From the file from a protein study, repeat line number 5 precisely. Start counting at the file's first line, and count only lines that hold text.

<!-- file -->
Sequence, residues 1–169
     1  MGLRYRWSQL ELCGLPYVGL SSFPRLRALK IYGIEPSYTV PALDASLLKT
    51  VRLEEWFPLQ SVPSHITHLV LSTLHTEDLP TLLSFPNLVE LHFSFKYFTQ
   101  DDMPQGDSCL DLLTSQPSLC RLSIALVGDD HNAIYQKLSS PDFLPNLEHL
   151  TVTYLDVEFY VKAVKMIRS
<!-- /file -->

   151  TVTYLDVEFY VKAVKMIRS